The Latest

Contribute. We love to hear your thoughts, your musings and your latest work. Please share with us!
Write a post

Painting a Picture from Many Angles

Posted on December 8, 2017
By Hailey Hechtman

As we approach the upcoming holiday season, a reoccurring theme of narrative comes flooding through my mind in a series of palpable examples. When I think about what I want to read or engage with during this reflective time of year, I often see stories as paramount to stirring up emotion and bringing people towards a cause.

During the Community Change Institute in Vancouver several months prior, this was reinforced by the Heart, Hand Mind Tool, utilized for its explanatory prowess for storytelling and for practical description. I know for many, the warm and fuzzy feeling that you get from learning of a new program that supported its participants or of a positive breakthrough in the scientific community benefitting its patients, really emboldens them to keep learning and working towards innovation. That being said, the Heart, Hand, Mind tool helps you to realize that a message needs to be sculpted not only to appeal to the heart-on-their-sleeve type, but also to the outcome measurer and the analyst.

In the social sector, we can often forget this point and jump straight to the emotional heart strings without incorporating the business sense, the tangible results we are seeking, or the infrastructure considerations involved in the project that we are implementing. With only one side of the equation covered, we miss out on the chance to engage different perspectives and peak interests in ways that will bring us further support and validation in the work that we are conducting.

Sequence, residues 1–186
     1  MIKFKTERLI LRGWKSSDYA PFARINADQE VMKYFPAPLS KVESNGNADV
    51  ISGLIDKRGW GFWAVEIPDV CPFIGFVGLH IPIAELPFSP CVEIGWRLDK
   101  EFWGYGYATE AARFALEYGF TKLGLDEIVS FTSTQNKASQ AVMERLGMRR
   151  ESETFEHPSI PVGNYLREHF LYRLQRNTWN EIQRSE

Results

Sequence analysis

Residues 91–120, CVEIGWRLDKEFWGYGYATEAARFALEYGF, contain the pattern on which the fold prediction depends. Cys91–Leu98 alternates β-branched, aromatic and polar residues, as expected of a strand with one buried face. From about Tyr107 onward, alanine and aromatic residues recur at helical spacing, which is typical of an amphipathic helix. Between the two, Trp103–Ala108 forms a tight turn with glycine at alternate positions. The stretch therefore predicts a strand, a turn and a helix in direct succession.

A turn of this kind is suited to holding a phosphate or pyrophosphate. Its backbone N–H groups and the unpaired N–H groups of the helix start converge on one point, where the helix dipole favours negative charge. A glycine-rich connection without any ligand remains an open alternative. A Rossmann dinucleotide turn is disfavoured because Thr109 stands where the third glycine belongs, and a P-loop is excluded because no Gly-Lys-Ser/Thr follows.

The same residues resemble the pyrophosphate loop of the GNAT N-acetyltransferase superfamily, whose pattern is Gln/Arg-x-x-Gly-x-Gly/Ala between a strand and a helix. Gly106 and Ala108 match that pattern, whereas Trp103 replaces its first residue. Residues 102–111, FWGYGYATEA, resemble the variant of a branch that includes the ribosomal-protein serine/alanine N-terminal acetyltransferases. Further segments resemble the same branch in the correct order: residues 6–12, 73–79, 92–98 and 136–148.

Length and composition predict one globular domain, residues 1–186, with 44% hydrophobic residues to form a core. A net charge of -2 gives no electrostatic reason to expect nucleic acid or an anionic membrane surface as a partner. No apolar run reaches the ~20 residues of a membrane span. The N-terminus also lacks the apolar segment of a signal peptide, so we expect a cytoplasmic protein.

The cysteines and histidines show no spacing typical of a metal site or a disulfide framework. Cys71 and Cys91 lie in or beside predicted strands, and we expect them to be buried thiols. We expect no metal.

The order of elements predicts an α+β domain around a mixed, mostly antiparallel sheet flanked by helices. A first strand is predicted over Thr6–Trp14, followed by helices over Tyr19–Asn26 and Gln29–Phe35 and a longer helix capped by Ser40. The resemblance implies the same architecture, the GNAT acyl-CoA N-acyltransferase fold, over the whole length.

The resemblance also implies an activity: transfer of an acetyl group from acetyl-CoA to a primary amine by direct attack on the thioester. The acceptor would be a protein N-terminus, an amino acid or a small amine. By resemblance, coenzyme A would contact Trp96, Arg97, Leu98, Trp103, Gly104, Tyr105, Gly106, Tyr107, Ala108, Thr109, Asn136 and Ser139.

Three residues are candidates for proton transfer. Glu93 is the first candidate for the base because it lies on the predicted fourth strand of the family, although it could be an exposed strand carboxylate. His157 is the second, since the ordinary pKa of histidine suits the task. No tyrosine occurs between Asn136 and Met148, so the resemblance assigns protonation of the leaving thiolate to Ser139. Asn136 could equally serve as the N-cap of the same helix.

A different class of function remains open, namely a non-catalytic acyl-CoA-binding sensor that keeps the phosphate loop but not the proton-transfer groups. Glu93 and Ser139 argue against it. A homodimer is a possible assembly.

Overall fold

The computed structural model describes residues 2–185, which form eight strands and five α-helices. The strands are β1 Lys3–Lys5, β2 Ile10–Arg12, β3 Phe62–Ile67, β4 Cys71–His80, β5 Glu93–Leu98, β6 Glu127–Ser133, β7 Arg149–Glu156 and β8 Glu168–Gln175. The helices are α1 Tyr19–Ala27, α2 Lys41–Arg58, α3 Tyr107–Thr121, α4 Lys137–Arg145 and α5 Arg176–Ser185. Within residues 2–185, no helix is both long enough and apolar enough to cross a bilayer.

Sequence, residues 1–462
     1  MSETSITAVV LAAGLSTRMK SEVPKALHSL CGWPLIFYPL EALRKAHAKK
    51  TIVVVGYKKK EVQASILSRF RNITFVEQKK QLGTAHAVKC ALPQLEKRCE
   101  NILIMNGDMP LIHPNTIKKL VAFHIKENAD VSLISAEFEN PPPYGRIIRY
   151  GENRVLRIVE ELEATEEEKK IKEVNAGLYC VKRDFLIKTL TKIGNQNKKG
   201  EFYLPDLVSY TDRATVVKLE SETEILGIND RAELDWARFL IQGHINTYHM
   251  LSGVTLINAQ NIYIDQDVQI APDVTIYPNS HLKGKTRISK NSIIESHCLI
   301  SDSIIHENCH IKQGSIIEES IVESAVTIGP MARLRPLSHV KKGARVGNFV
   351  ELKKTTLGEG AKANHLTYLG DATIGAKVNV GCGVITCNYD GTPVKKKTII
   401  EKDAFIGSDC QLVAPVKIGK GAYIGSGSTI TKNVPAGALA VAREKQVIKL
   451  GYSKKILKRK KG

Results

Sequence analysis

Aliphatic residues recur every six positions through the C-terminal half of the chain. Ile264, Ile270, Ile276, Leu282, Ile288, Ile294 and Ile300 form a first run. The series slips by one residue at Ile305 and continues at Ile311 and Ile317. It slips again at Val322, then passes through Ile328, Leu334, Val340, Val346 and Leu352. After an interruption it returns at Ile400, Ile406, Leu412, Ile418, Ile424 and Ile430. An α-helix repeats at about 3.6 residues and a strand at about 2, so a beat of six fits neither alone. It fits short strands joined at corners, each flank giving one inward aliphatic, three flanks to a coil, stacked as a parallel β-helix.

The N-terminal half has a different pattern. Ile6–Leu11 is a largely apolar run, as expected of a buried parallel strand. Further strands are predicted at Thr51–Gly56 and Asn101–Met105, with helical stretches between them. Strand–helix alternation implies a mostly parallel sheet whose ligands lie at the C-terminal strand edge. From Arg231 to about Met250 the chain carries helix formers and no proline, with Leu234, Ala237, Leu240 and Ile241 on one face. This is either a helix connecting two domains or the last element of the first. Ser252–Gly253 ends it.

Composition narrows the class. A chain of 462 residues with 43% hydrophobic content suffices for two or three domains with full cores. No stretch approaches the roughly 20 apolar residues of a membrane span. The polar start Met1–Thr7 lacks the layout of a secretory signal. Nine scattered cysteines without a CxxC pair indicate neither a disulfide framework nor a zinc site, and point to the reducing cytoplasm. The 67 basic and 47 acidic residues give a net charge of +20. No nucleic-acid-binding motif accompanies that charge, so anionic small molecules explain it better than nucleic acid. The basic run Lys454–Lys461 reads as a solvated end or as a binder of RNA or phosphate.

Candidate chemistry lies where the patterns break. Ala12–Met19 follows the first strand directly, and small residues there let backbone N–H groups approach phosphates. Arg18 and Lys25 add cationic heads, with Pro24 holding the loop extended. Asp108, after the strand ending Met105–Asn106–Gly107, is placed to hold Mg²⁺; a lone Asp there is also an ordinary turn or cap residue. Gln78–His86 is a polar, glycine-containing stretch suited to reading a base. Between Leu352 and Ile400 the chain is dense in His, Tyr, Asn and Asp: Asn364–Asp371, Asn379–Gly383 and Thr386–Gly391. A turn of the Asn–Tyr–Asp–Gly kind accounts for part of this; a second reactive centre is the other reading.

By encouraging the components of hand, which asks what makes the work tangible and practical; and mind, which questions what makes it logical and sensible, we will give a well-rounded representation of why what we are doing matters. This will not only help with reporting and data, but with tugging at a new kind of string, creating excitement for those who are not always drawn in by the glowing feelings but by the innovative approach or the quantative assessment. We will collect a growing audience of supporters, whose ideas will add value to programs and whose curiosity, driven by an alternative mindset, will give way to creative approaches, tweaks and additions that may not have been considered by purely appealing to fuzzies.

All three, heart, hand and mind are essential to selling our strategy and can bring us all closer as we get the chance to look at a problem or service through many vantage points and contribute to its success in real time.

 

This is the fifth blog written by Hailey Hechtman, in a series of reflections about the 2017 Community Change Institute. Read others in Hailey's 2017 CCI series: 

Topics:
Cities Deepening Community


Hailey Hechtman

By Hailey Hechtman

Hailey Hechtman has worked in the non-profit management sector since 2009 in a variety of roles. She began my career as a volunteer in the distress centre field, where she then transitioned into volunteer management and subsequently into the executive director role. From there, she moved on to work in a policy capacity for the provincial association of distress centres as the Statistics, Information and Outcome Measurers Coordinator. Following this experience in Ontario, she moved to Whitehorse, YT where she has taken on several other positions within the non-profit realm including executive director for Second Opinion Society, founder of the Yukon Distress & Support Line and he current employment as executive director for Teegatha'Oh Zheh. . In October 2015, Hailey and the executive directors of 8 other organizations in the Yukon, formed the Yukon Inter-Agency Network on Disability which has since worked to develop a collective impact strategy, and has been funded for several collaborative projects including the Support Worker Core Competency Project and the Out and About Evening Program. The majority of the responsibilities that she has held in her career have focused on program, policy and fund development along with human resources, financial management and community partnership building.

Related Posts

Evaluation: Stop, Listen, and Change

Darwin Said Collaborate

Shining a Light on Natural Caring

BACK TO THE LATEST